I'm working on a "side project" to create a Web Services adapter. The basic guiding principals of this adapter are following my previous post on "Real Time Integration". The ultimate goal is to produce an easy to use but extremely reliable adapter that can be distributed and connected to existing systems. This is an exercise where I'm using Open Source products to construct. I'm then going to compare the outcome (time/effort, quality, ease of use, supportability) with some packages platforms that do the same thing.
The adapter is designed to interface with third party applications who are still using proprietary API's. Here is a high level and still in-flight design of the adapter:
Here are some more details of where I'm at.
Products Used: ActiveMQ 3.2.2, Apache 5.5, Axis 2 (rel .94)
I've got just basic functionality working right now. That is a doc/literal wrapped web service publishing directly to a JMS queue. It is very raw and has none of the "reliability" stuff I've been talking about built in yet. That's Phase 2 which is next.
Since this is a "side project" which means on my own time, it will be some time before it is complete. I'll try and post more details as I go along. Things like the WSDL design, interop issues, schemas, any issues/gotchas with the open source products etc.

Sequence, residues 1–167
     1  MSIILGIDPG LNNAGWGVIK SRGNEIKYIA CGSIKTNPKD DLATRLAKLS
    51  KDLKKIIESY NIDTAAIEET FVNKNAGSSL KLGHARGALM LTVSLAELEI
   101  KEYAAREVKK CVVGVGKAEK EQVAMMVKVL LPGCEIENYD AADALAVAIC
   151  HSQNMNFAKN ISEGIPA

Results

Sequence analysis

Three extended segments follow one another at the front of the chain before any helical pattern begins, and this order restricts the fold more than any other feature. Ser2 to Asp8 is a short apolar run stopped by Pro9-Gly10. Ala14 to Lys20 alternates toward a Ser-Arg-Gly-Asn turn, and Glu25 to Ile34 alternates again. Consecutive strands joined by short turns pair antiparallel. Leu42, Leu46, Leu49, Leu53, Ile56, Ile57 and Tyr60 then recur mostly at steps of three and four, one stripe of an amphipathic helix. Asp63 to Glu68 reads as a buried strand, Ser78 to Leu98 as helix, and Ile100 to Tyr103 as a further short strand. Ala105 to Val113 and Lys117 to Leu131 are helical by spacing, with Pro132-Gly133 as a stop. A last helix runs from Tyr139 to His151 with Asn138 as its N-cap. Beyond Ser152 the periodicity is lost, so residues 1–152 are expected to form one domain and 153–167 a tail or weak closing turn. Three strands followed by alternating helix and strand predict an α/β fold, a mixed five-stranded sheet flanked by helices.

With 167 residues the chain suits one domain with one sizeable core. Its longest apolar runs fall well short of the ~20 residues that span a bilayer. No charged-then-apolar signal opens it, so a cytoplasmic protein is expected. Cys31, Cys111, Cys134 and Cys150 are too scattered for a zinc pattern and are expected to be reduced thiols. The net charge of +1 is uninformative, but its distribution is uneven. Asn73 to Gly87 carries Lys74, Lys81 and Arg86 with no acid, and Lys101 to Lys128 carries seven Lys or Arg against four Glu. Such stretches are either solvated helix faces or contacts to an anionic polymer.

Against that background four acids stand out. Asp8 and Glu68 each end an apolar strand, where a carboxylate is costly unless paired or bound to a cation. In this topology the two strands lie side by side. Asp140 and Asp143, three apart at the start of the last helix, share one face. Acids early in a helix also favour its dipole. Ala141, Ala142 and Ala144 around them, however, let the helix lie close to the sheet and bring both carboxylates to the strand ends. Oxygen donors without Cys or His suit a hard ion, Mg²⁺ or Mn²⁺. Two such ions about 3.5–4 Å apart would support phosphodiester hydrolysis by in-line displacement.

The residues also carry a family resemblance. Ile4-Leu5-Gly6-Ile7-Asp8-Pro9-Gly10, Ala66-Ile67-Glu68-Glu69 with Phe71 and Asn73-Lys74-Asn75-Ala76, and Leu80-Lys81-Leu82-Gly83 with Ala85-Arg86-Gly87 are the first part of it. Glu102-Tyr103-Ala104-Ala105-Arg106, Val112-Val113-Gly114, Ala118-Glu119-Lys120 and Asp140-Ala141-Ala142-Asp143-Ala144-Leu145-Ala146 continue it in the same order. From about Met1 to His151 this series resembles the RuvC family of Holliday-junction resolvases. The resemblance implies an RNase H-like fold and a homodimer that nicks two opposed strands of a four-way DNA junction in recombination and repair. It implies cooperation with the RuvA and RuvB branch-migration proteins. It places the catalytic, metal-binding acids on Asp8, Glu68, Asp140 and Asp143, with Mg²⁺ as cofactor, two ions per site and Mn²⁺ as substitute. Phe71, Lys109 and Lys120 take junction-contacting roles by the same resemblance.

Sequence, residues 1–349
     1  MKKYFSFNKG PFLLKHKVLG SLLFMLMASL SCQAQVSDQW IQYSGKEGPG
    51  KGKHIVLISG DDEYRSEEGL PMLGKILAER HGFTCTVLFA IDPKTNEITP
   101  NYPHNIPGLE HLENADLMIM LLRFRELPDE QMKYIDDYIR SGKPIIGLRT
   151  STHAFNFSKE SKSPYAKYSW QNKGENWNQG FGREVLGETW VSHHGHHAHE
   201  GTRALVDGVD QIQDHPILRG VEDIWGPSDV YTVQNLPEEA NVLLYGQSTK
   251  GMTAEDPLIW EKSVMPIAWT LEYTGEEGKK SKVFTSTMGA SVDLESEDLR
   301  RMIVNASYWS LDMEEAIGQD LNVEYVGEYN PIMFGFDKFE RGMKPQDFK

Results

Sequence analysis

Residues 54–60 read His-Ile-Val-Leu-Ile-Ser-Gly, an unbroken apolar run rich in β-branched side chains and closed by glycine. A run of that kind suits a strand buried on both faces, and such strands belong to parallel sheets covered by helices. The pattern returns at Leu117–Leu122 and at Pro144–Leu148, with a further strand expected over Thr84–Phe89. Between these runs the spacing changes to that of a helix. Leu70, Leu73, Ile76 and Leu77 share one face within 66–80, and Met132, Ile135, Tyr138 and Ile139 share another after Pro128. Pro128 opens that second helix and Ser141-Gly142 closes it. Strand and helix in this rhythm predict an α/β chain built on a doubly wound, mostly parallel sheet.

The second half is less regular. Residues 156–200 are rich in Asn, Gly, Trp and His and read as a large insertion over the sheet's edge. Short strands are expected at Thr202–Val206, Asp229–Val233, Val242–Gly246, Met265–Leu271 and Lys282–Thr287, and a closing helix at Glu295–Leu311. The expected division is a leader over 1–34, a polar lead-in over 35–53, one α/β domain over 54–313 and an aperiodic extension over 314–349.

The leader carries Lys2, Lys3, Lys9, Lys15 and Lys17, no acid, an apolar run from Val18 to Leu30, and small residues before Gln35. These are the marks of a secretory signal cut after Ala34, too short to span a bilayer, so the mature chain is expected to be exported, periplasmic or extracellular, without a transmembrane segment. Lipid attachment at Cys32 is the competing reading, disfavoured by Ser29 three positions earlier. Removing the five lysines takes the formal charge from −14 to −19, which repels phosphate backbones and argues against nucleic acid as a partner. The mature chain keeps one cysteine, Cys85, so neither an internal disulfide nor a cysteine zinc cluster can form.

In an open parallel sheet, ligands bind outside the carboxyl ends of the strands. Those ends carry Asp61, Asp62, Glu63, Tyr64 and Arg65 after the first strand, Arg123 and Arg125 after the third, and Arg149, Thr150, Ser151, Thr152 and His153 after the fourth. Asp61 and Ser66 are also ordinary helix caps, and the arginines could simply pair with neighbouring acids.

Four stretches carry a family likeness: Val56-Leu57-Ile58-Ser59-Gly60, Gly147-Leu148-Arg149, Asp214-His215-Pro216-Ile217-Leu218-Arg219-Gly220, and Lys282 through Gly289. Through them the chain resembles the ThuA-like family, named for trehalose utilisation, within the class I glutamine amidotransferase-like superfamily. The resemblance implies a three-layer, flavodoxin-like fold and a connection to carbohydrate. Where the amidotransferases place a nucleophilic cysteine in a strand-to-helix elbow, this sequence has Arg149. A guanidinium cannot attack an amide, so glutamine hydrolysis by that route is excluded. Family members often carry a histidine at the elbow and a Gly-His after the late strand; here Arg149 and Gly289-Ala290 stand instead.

Pretty picture. I'd argue that FTP, HTTP, etc. are the Adapters - they are the "unreliable" part ... so you adapt them to the reliable JMS.
You are correct about FTP and HTTP. JMS is being used for persistent for that very reason. Unfortunately legacy and third party applications don't always have a reliable interface into them such as JMS. This design however takes that into account. In addition, proper adapter design can take into account the unreliable nature of ftp and http.
Of course adapter is probably a bad term for what I'm toying with here, more like a reference implementation or a personal play project. :)
A link to Mike's blog which has some pretty good stuff by the way. fuzzypanic
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